It's no wonder that conservative and libertarian publications and blogs embrace the film. "The original Ghostbusters is as good a libertarian meditation on government as has been made," pronounces Nick Gillespie, editor-in-chief of Reason magazine ("Free Minds and Free Markets"). Left-leaning writers can't help but spot the reading either. "Children who looked at movie and TV screens," David Sirota warns in Back To Our Future, "and saw the success of government's handing over municipal security responsibilities to the Ghostbusters will naturally be less surprised/outraged when, as adults, they look at the same screens and see the government handing over the same responsibilities to the Ghostbusters' terrorist-fighting colleagues at Blackwater." He paints a gloomy picture of the film's back half, starting from when Peck "turn[s] off their ghost incarceration machine—the equivalent of releasing all convicted terrorists into Times Square—a nuclear explosion ensues, the ghosts declare World War III, and a metaphysical ayatollah named Zuul triumphantly waltzes into Manhattan and imposes a paranormal caliphate…" This in between contributions to The Huffington Post and The Nation.
Even an environmental law journal has gotten in on the act—as Christine Alice Corcos writes in "Who Ya Gonna C(S)ite?: Ghostbusters and the Environmental Regulation Debate": "Ghostbusters, like many other films, appeals to a public whose frustration with what it perceives to be government bureaucracy inaction or overaction, an overly litigious and corrupt legal system, corporate greed, and the individual's inability to control his or her own decisions has reached epic proportions." Perhaps the film could prove instructive to government agencies suffering public relations problems. Or perhaps the problem runs deeper than any fault of government's. Corcos continues: "At the same time, [Ghostbusters] glorifies the ability of the individual to create opportunities, to become important, and therefore become authoritative and powerful."
It's the power of the individual that Ghostbusters celebrates, not the system of business—or indeed any system—over another. Take the protagonist. Venkman behaves with a decidedly American sense of freedom and a laissez-faire attitude toward both economics and life. He is a creator, a trailblazer, a do-it-yourselfer; he is the antithesis of the middle-class wage slave that every Millennial fears becoming. He is literally his own boss, a self-made freelance superhero, a guy with a big important job and an even bigger, more important gun. And he triumphs because of his skills, his ingenuity and his efforts. (Well, mostly Stantz and Spengler's efforts, but the spirit remains.) He would no doubt subscribe to the credo of American exceptionalism, provided that he is the American in question.
At the same time, we recognize the limits to just how exceptional Venkman is. First off, he only gets so far on his own; the movie is not called Ghostbuster, and Reitman's remark to The New York Times ("Danny was the heart, Harold was the brain and Murray, of course, was the mouth") is worth repeating to illustrate the importance of the team effort, lest Bill Murray's charm and top billing color our judgment. Secondly, we've seen "the Domino Theory of Reality" in action; we've seen these guys at their lowest, three mere mortals unable to save their jobs, let alone the world. We're with them every step of the way, and we enjoy the comic gulf between the image they present ("Yes, sir! Don't worry! We handle this kind of thing all the time!") and the reality of figuring ghostbusting out as they go along. Journalist Chris Turner reflects: "To this day, the muscled alpha males of Hollywood cinema continue to reinforce the grand American producer-culture myth of the rugged individual, imbued with an unshakeable moral compass, ready to take the law into his own hands… This archetype remains the standard mould for American heroes." Ghostbusters gleefully sends this archetype through a wringer fueled by Venkman-grade bullshit; the fantasy of the "Supernatural Success Story" celebrated in Time is no truer than the "Ghostbusters Super Diet!" advertised in the Globe.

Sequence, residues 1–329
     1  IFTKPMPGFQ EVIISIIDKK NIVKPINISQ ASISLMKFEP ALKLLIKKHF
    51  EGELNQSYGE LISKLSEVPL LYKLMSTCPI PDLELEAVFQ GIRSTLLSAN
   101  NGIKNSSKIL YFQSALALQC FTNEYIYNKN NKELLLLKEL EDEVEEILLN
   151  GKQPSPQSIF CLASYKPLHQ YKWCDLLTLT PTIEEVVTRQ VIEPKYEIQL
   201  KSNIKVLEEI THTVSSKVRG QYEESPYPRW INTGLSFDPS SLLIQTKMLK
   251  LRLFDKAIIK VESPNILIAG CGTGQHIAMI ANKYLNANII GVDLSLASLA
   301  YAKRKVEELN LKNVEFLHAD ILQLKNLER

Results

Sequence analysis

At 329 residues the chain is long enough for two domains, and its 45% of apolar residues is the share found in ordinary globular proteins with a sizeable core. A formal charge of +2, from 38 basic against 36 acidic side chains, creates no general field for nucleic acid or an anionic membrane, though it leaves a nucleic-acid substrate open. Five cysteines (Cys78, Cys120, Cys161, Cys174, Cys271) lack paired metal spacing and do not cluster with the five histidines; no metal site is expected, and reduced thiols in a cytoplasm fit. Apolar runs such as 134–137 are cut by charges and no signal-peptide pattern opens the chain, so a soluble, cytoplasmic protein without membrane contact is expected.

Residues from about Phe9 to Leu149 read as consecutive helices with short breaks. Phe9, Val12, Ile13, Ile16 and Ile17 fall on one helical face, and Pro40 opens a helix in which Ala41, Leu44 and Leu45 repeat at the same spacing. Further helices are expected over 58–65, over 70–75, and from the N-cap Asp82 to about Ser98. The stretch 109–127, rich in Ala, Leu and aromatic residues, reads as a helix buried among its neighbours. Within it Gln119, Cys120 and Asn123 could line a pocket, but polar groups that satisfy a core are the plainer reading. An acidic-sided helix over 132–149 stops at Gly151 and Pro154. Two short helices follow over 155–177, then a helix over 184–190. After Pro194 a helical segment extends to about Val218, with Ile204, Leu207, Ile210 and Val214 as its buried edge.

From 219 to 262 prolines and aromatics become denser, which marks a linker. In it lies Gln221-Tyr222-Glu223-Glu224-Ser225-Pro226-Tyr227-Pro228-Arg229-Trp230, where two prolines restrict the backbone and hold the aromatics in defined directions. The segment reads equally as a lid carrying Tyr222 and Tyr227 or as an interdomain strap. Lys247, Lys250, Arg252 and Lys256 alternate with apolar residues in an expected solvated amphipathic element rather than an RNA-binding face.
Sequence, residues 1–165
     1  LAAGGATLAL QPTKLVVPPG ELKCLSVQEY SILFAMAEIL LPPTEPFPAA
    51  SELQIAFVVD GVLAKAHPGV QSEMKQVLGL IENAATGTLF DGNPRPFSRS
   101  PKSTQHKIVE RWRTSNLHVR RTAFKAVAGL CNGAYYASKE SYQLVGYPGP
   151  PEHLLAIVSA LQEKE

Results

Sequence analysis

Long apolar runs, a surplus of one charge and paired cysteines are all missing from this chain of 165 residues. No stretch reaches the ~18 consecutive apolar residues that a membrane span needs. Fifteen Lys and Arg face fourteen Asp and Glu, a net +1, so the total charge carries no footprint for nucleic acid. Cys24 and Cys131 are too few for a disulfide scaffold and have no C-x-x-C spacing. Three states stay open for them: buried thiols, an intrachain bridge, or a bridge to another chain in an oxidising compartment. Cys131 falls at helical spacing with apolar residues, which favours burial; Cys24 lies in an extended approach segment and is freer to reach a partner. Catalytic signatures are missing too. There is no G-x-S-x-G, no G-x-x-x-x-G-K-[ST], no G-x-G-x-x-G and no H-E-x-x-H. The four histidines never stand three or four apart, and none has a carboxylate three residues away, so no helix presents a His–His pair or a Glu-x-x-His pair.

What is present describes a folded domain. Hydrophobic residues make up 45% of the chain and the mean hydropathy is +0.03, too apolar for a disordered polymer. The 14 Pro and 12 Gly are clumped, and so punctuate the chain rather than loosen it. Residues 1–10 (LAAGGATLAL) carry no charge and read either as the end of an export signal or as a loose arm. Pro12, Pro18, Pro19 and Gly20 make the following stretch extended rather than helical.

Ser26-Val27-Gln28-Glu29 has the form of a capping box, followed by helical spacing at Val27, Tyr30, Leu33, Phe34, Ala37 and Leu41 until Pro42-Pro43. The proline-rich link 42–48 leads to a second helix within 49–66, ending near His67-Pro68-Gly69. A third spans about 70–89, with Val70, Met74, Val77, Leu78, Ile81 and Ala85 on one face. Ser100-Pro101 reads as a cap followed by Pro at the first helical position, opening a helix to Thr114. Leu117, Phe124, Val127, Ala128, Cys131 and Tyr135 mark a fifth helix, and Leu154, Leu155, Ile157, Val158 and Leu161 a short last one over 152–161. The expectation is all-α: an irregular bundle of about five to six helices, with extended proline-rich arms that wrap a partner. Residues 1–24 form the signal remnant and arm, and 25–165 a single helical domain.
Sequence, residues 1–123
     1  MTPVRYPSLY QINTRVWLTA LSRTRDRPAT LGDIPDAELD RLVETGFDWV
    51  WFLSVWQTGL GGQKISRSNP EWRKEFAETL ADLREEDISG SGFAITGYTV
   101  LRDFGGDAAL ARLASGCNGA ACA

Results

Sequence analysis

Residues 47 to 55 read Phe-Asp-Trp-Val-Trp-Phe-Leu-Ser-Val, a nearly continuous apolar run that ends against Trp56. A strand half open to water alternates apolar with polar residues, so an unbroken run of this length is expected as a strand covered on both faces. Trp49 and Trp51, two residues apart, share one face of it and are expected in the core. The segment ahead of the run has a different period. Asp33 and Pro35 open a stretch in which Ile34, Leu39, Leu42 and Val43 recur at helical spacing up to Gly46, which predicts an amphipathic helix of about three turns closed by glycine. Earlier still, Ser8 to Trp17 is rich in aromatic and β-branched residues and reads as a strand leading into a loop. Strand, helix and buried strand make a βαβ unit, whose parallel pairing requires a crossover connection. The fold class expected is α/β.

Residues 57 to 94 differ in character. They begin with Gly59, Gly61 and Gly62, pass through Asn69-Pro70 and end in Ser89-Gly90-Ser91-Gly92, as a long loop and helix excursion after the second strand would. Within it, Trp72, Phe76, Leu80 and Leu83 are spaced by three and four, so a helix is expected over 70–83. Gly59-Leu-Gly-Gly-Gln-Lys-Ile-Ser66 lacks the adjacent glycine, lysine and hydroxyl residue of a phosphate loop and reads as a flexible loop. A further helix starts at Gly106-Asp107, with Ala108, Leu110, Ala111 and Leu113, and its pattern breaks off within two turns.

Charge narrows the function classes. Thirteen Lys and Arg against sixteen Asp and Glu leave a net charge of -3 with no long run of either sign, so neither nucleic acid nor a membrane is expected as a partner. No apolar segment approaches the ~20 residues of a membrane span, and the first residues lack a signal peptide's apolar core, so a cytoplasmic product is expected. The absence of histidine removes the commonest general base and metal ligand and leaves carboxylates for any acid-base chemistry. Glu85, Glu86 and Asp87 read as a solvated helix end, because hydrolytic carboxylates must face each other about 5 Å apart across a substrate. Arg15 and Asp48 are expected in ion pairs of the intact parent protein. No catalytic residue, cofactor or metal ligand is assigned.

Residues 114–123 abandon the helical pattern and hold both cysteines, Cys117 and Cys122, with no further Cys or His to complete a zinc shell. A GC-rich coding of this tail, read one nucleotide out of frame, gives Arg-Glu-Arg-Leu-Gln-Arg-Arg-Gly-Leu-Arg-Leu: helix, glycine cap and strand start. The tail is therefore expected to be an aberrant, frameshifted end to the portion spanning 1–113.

But that's why we love them; they're not anything we're not. If the Ghostbusters are suitable representatives of the rugged pluck of the West, it is not just for their virtues but their flaws—our flaws. Here are pop culture heroes not an iota larger than life. We cannot fly like Superman, nor master the ways of the Jedi, and we must privately admit that even the admirable endurance of a Rocky Balboa may be beyond our grasp. These icons are for looking up to, not necessarily living up to. But Peter Venkman's more or less on our level, and what the Ghostbusters lack in inspiration value they make up for in identification. Strap on a proton pack and you could be a Ghostbuster, too, with all the ineptitude and improvisation that implies. If politics is the art of the possible, the Ghostbusters represent 'the possible'; the joys of the compromised end. Perhaps Austerlitz sums it up best, in a turn of phrase all but designed to describe the American heart: "Dr. Venkman is endearingly, enduringly insincere."
For image is everything. "Paint RR as the personification of all that is right with or heroized by America," ran a June 1984 strategy memo by Richard Darman in support of guess-which-candidate. "Leave Mondale in a position where an attack on Reagan is tantamount to an attack on America's idealized image of itself—where a vote against Reagan is, in some subliminal sense, a vote against a mythic 'America'." We enjoy the Ghostbusters' idealized, mythic brand of costumed heroes, and yet, with Venkman at the forefront, we can also claim credit for recognizing the fabrication.